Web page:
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STEVE INSKEEP, HOST:

Good morning, I'm Steve Inskeep.

This will just have to count as one of the wonders of nature. A Michigan power plant dumps a lot of warm water into Lake Erie. The warm water attracts fish. The fish attract bald eagles. Almost 200 of them have been nesting at the DTE Energy plant. It is not so easy for people to gain access to the massive plant. So the company holds an annual lottery for bird watchers who want to see our national bird in its 21st century habitat.

Ole Miss Civil Rights Statue Vandalized

Feb 19, 2014

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RENEE MONTAGNE, HOST:

The FBI is now part of the investigation at the University of Mississippi where someone draped a Confederate-style old Georgia flag and tied a noose around the statue of James Meredith. That statue commemorates the enrollment of the first black student at Ole Miss in 1962, which led to riots. Sandra Knispel, of Mississippi Public Broadcasting, reports.

The Michael Dunn case is of a type that we see with harrowing regularity. An unarmed black man is shot and killed by a police officer or a white person. The shooter says he felt threatened.

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STEVE INSKEEP, HOST:

On a Wednesday it's MORNING EDITION from NPR News. I'm Steve Inskeep.

And I'm Renee Montagne. President Obama arrives in Mexico today to meet with Mexico's president and Canada's prime minister. It's been dubbed the meeting of the Three Amigos. The one day summit of North America's leaders will focus on trade and commerce, but also on the agenda: security, energy, border issues and immigration. NPR's Carrie Kahn is in Toluca near Mexico City, where the summit begins later today. Good morning.

When Kwagne Elian came down with a high fever, the young woman in Cameroon did what many of us would do in the United States: She went to a private health clinic in her neighborhood.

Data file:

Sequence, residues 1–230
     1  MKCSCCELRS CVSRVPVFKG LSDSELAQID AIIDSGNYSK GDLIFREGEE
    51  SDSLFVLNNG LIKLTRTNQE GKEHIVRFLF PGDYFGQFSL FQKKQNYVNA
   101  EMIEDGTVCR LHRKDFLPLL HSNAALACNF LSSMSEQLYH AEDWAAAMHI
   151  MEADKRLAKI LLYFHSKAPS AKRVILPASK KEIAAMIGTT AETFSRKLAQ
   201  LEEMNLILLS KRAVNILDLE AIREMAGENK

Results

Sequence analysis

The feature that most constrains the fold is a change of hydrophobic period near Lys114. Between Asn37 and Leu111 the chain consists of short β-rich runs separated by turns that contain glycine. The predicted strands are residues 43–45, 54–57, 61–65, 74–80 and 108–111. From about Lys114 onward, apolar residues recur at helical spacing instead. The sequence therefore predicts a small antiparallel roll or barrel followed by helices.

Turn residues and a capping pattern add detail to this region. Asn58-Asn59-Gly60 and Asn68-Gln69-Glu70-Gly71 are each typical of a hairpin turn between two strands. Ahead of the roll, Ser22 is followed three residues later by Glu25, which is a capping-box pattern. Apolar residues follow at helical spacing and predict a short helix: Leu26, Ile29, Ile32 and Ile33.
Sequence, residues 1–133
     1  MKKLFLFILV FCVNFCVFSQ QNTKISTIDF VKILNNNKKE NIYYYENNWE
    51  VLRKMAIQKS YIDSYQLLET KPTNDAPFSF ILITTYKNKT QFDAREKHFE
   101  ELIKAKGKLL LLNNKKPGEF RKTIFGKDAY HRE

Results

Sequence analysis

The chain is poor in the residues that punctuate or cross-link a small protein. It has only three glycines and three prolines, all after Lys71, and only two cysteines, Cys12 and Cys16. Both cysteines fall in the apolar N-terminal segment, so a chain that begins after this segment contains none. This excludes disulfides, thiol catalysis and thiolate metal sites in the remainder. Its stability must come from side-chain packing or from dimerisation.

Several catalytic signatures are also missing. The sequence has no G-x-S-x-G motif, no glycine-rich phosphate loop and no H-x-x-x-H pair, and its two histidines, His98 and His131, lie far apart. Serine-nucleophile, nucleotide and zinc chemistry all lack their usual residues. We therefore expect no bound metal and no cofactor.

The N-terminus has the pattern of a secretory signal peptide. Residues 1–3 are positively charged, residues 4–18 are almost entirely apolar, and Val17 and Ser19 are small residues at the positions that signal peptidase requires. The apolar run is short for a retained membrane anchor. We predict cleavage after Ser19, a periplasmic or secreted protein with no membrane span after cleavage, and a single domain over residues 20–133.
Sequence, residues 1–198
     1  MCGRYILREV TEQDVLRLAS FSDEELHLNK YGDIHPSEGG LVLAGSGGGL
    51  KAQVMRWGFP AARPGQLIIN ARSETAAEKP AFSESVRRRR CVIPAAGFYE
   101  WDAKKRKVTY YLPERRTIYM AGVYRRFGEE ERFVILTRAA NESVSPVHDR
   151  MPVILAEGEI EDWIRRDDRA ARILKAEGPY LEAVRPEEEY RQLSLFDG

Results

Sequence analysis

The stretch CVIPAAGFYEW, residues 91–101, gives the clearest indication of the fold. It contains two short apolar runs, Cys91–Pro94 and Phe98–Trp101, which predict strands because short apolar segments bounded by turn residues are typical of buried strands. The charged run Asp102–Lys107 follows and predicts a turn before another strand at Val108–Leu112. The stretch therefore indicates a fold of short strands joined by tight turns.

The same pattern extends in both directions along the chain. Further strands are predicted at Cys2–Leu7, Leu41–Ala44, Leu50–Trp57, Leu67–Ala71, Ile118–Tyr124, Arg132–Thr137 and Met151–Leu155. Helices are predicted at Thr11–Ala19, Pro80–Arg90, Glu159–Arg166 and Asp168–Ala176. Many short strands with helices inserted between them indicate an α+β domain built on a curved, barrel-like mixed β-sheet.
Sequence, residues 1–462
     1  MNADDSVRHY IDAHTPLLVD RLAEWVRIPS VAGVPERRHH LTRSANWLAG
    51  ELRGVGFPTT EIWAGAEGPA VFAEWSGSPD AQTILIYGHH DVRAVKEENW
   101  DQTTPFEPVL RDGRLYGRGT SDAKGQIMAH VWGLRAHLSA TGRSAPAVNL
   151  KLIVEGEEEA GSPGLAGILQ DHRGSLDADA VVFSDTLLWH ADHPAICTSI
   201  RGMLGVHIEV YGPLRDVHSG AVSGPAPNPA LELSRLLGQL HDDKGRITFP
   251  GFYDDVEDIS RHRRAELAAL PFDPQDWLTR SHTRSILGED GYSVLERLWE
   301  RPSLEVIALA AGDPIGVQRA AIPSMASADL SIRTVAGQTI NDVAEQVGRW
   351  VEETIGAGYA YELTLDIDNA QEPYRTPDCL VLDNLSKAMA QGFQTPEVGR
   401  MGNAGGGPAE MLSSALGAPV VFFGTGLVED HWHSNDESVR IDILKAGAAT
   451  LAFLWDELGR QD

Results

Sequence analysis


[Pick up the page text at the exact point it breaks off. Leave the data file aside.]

But unlike the clinic at the local CVS here in the U.S., the one Elian goes to is illegal. And it's the target of a crackdown by the government.

Is Tyson Foods' Chicken Empire A 'Meat Racket'?

Feb 19, 2014

Christopher Leonard's new exposé on the chicken industry, The Meat Racket, doesn't devote much ink to the physical object on our plate, the chicken meat itself.

Los Angeles may be known for its celebrities, glitz and glam, but the city's mayor, Eric Garcetti, is focused on something decidedly less flashy: infrastructure.

Take the city's airport LAX, for example. You'd be forgiven for mistaking its terminals for a cramped bus station. And stepping out onto the curb can feel like an assault on the senses, with the horns, aggressive shuttle drivers and travelers jostling for taxis.

Coffee is important to many of us, but let's say your coffee maker breaks. Finding a new one is as easy as typing "shop coffee maker" into your browser. Voila — you've got models, prices and customer reviews at your fingertips.

But say you need something less fun than a coffee maker — like a colonoscopy. Shopping for one of those is a lot harder. Actual prices for the procedure are almost impossible to find, and Bob Kershner says there's huge variation in cost from one clinic to the next.

On today’s Your Call, we’ll discuss how colleges are hiring part-time teachers to save costs, and what impact it has on education. Adjunct teachers now make up 50 percent of higher education faculty. Many receive no benefits and are paid poorly, with no chance of job-security or tenure. What happens to students when their teachers are contractors, not full-time professionals? And how are adjuncts organizing for change? Join the conversation on the next Your Call, with Holly Kernan and you.

 

  

A Crosscurrents Special on the drought! How can we save waters as individuals? Does it even matter, considering that agriculture uses about 78% of the state's water? Pacific Institute President Peter Gleick will tell us!

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